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欢迎光临! Welcome!

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The Mandarin Blueprint Podcast focuses primarily on The Mandarin Blueprint Method online course and the Pronunciation Mastery online course. Creators Luke Neale & Phil Crimmins answer questions and comments from the online curriculum, discuss topics related to China and Mandarin learning and have special guests.

00:00 – A little bit about Chengdu and Chengdu weather 02:06 – Can Chinese change the way you think? 06:53 – Updates about the Method 23:36 Chad Ressler on Character #108: 桌 zhuō Casting Call

Jin Yichuan (Dong-xue Li’s character in Brotherhood of Blades)

Chad Ressler on Character #110: 禾 hé Casting Call

Hu JIntao

25:45 Julia Melnik on Character #6: 半 bàn Pick A Prop

A split heart.

Ryan Smith on Character #132: 不 bù Pick A Prop

I ended up going with a TSA agent

Sidney Green on Character #250: 言 yán Pick A Prop

I picked a large copy of the book ‘The Oxford Companion to English Literature’.

27:54 Samuel Thomas on ``Unit 1 Wrap-Up``

Love this throat/mouth contrast explanation. So useful. A lot of this could probably be taught in reverse when getting Chinese speakers to speak English.

32:30 Ryan Smith on Character #133: 还 hái Make A Movie

Setting: My current apartment (it’s right by the tr*ai*n tracks)
Props: TSA agent & a road
Keyword connection: an alcohol still & “still waiting” action

The TSA is in my apartment and finds suddenly that he needs an alcohol swab to clean up a scrape he got in the line of duty (humor is good). He can’t find anything but beer, so he throws it in a pot on the stove with a small still attached to the top and starts waiting on the beer to boil so he can collect the pure alcohol from the top. There’s a timelapse as he keeps waiting and waiting and waiting. Still waiting after a long time, a road appears through the apartment and my H actor comes running through the wall of the apartment down the road (a la the looney tune’s Roadrunner), stops by the TSA agent in front of the road. He then reaches over and turns the stove on, before running back off down the road.

36:59 Julia Melnik on Character #8: 从 cóng Make A Movie

It is obvious. This is the idea of birth. One person comes FROM another. The ancestor gets smaller and steps back into the background, giving space to the descendant, so the descendant comes forward and gets bigger. Yes, I know that this is not strictly the movie method, but very often I can’t help these associations which come from what I see. Again, “from”.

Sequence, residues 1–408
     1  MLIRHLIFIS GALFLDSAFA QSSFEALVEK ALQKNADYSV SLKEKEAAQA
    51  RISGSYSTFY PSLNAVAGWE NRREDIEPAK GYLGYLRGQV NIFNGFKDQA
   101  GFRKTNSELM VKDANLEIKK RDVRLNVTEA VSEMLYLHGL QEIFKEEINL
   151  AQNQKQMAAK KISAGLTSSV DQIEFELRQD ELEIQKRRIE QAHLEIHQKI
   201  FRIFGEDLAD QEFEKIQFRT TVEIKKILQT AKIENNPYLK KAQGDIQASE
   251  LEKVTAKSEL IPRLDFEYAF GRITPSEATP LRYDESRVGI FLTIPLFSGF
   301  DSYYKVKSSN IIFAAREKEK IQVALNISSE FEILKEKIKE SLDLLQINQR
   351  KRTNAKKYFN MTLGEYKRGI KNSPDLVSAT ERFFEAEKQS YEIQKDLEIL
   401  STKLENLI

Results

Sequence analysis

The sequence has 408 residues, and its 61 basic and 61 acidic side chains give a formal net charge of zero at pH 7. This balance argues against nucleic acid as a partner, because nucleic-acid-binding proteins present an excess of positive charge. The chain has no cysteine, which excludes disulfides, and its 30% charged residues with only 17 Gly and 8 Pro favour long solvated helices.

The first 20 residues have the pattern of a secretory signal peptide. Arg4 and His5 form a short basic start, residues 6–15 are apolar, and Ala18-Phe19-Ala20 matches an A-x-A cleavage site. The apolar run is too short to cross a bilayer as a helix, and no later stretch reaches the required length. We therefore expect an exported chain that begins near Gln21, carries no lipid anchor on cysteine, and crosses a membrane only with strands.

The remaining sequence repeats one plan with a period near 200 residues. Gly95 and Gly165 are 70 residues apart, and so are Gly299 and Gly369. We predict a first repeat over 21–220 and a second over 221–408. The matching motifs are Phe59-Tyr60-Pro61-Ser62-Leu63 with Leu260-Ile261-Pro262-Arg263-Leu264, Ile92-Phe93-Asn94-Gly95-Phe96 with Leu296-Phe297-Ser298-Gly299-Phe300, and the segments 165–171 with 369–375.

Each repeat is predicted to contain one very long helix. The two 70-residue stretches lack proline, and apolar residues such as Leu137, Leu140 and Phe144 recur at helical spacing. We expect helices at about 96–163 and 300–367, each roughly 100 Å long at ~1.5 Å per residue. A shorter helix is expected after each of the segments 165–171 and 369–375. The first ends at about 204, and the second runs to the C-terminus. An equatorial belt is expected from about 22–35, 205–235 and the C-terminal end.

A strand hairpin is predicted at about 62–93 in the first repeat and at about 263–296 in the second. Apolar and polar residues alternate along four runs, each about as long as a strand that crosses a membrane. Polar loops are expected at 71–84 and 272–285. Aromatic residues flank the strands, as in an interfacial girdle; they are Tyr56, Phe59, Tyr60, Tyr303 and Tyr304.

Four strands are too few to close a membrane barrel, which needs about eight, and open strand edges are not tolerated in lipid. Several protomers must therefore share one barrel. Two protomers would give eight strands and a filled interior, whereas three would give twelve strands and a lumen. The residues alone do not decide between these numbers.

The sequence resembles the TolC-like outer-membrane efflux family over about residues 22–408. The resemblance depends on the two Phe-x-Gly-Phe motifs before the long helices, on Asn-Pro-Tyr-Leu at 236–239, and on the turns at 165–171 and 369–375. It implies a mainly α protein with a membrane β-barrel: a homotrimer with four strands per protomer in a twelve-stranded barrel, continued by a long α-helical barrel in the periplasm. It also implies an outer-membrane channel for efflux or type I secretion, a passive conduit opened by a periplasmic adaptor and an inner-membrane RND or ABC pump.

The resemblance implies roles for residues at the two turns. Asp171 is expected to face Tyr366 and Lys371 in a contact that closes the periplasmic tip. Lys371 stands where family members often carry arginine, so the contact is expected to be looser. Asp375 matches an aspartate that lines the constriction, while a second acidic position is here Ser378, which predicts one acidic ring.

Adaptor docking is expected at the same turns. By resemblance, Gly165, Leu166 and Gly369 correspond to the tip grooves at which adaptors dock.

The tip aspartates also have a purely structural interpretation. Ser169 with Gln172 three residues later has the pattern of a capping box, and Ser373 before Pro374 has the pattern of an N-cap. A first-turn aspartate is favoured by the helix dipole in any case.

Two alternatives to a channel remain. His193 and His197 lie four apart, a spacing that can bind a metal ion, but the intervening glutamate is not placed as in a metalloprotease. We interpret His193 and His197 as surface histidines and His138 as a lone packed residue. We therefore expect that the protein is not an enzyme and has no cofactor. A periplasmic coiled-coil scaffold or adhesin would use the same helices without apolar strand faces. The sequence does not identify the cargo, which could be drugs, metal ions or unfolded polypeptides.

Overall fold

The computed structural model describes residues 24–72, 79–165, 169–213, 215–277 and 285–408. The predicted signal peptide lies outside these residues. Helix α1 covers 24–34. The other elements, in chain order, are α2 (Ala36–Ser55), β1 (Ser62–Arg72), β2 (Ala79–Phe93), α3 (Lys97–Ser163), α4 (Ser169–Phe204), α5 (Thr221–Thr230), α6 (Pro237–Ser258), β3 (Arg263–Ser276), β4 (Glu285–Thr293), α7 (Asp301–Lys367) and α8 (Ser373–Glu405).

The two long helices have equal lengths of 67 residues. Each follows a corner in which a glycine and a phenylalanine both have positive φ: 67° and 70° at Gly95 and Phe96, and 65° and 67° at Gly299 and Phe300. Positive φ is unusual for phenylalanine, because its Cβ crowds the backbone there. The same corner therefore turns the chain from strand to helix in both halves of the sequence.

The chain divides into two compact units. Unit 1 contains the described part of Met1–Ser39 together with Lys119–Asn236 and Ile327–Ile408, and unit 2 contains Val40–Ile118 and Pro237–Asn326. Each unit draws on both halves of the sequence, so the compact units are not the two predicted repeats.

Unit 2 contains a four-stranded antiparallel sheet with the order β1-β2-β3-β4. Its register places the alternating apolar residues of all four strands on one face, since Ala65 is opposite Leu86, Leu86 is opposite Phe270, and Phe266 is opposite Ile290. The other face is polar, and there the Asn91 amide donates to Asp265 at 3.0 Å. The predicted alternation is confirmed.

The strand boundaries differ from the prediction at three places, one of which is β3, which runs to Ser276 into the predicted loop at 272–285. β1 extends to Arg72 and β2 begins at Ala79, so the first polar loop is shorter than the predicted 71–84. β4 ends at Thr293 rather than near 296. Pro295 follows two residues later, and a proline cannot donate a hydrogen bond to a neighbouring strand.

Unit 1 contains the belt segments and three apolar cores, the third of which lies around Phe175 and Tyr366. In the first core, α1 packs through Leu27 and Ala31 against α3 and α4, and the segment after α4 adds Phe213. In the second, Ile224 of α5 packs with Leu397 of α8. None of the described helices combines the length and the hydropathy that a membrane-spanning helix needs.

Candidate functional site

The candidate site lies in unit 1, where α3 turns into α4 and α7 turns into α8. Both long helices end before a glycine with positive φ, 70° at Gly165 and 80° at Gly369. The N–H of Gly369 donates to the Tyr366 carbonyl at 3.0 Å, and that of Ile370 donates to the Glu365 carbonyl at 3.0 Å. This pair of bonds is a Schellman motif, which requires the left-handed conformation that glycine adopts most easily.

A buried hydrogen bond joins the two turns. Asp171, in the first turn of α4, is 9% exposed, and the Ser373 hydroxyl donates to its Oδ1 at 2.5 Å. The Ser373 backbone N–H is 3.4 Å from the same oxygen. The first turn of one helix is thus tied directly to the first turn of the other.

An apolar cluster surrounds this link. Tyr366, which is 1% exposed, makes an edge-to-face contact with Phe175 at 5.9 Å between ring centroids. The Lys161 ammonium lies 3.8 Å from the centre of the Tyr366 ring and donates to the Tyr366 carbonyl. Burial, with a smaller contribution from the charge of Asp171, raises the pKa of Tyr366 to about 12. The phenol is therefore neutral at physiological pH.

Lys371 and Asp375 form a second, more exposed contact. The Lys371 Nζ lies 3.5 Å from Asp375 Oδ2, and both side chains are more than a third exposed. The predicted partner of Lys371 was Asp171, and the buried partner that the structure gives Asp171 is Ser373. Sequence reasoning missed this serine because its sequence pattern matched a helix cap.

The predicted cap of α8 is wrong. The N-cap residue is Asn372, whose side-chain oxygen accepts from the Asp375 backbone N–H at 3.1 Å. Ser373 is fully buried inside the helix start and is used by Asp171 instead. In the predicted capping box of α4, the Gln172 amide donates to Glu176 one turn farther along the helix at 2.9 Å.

I think that is why it takes me a longer time to get my brain used to the new method of creating associations. Because at previous I got used to see associations inside the characters themselves. Because I didn’t know about the movie method. Now I enjoy the fun of this method, but sometimes I still have to remind myself that we actually make a movie.  Like, do not see two women side by side, one giving birth to another, see an actor with props at some space doing something to create meaning.

40:59 Samuel Thomas on ``Simple Final E Introduction: 饿 è``

If you are a good French speaker a good tip is to say the ou in vous but don’t round your lips. It is often a diphthong as well I believe. So is like the ou in vous plus the o in mot in French (ou-o) (but with the lips unrounded ) (ɯɤ for phoneticians)

42:40 Sidney Green on Character #248: 发 fā It's a Word!

几点钟发车?一点一刻。Where is the ‘train’ here?

45:39 Julia Melnik on Character #6: 半 bàn Make A Movie

Bruce Lee enters the bathroom of a double room of the “And” hotel in Istanbul. (-an final)
He’s looking for a piece of soap to wash. But for some reason, the chambermaid left only one piece of soap on the shelf. Bruce decides to split it in half so Chuck Norris also could have his piece of soap to wash. So, Bruce takes out a huge knife and cuts the soap together with the shelf. Shards of glass and soap flying up. Shards’ slow motion. Bruce’s knife leaves the shiny trace in the air. So, the half.
(In spite of that this sign means “horns”, I decided to use shards of glass instead of horns because it works better for me. And, In general, when you split something in half, there are some crumbs very often. Or drops of juice, if it is, say, an orange. But I can think of horns if I see a cow from the air, so its spine divides it into two symmetric parts, where two horizontal lines are shoulder blades and sacrum. And in that case, we draw horns, shoulder blades, sacrum and the spine.

50:47 Sidney Green on Character #249: 六 liù Pick A Prop

I’m a bit confused here! With the prop for ‘liu’ shouldn’t the illustration just represent the top half of the character? In the movie to follow you use the prop for the bottom half ‘animal legs’!

55:11 Ryan Smith on Character #136: 么 me Make A Movie

Even though this is a pretty simple character and doesn’t need overly much thought to remember, “-suffix” is still amazingly abstract keyword. So I just imagined a simple scene involving the Tagalongs girl scout cookies.

55:22 Julia Melnik on Character #10: 入 rù Make A Movie

I didn’t get it quite well, what place should be for the sound -u-. You mean, that in this case -u- is not a final. So, there’s no final in this word, right?

Hanzi Movie Method Articles (UPDATE: Now available as a free eBook!):

Part 1 – Intro

Part 2 – Props

Part 3 – Sets

Part 4 – Actors

Part 5 – Scripts

Part 6 – Inspiration for Scripts

Part 7 – Special Effects

Part 8 – A New Pinyin Chart

Read more »

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